Sometimes the simplest things are the hardest to believe. That’s where I come in. Often, the easiest job changes come to my clients after they stop focusing on the risk, and get coached instead on focusing on their choice in deciding what they want and creating options to choose from.
We forget that while there are infinite possibilities for what we can get paid to do in this world, there are also zero possibilities if we don’t ever go past that initial thought, “what if it doesn’t work?”
Mistake #3: Thinking You Don’t Have Anything to Offer
The third biggest mistake that professionals make when they are trying to change careers is thinking that they don’t have anything to offer. They think they don’t know what people will pay them for other than the thing they’re actually doing right now, which is not the job they want to move into. So how do we fix this?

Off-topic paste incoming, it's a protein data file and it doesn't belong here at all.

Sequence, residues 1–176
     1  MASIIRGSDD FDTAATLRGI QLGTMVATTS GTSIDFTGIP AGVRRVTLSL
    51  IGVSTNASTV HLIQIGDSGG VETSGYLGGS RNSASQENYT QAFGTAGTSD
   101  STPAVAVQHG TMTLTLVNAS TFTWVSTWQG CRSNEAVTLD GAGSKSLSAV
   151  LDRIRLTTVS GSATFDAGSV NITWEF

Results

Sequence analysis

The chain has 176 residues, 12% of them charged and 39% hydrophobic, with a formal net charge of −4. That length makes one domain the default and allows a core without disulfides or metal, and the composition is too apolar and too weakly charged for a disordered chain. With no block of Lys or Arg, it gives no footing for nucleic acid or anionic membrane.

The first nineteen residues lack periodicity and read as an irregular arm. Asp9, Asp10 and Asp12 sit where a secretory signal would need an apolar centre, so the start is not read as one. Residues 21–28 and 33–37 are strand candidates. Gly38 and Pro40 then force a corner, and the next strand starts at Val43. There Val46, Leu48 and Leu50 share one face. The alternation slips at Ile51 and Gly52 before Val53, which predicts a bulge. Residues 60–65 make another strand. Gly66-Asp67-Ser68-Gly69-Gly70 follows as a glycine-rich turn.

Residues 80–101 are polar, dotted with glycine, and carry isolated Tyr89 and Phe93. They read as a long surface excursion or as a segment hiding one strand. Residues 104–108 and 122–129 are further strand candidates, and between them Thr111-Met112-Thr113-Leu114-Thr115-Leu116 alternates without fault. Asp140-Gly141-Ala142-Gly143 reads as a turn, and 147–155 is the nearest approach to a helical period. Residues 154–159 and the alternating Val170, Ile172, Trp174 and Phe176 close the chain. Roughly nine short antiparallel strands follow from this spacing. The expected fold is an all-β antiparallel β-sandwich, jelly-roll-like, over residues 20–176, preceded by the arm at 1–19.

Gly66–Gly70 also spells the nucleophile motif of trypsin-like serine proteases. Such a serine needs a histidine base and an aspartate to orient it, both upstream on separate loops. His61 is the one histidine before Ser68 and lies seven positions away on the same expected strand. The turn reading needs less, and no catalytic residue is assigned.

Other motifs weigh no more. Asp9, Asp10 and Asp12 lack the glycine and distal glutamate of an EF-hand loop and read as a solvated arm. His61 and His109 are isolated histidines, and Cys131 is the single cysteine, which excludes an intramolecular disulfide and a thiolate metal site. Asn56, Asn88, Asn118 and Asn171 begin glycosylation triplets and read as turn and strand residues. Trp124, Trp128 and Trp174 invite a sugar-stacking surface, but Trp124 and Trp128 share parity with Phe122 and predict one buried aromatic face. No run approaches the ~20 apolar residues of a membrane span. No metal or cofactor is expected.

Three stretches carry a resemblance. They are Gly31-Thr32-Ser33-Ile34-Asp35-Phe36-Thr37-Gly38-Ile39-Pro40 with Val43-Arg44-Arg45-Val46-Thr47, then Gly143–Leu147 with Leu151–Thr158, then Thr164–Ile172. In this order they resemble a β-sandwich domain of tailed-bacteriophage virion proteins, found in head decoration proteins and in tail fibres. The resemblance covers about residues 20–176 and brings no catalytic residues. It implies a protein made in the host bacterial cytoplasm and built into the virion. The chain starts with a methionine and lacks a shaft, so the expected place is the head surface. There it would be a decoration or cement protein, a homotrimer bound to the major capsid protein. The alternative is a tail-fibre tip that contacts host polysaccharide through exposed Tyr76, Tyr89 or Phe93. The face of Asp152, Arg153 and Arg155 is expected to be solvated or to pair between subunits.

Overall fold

You actually have to realize that you’re here for a reason. You’re on this planet on purpose. And when you start to identify your strengths, the things you’re good at, and you marry that with what the market needs, you’re going to find that next career. The thing that people will actually pay you for, even though you would probably do it for free.
The qualifier is that as you start to focus on a career change, you are complete, worthy, whole and interesting people outside of your work. The paradox is that once you feel that you are more than just your work, it’s easier to find the work that you’re passionate about and wanting to do in this world. I remember when I was making a career change, I felt this shift for myself – as well as seeing that people wanted to pay me to solve a problem. It was the best of both worlds. I am whole and complete, and people pay me to solve a hard problem that I want to solve.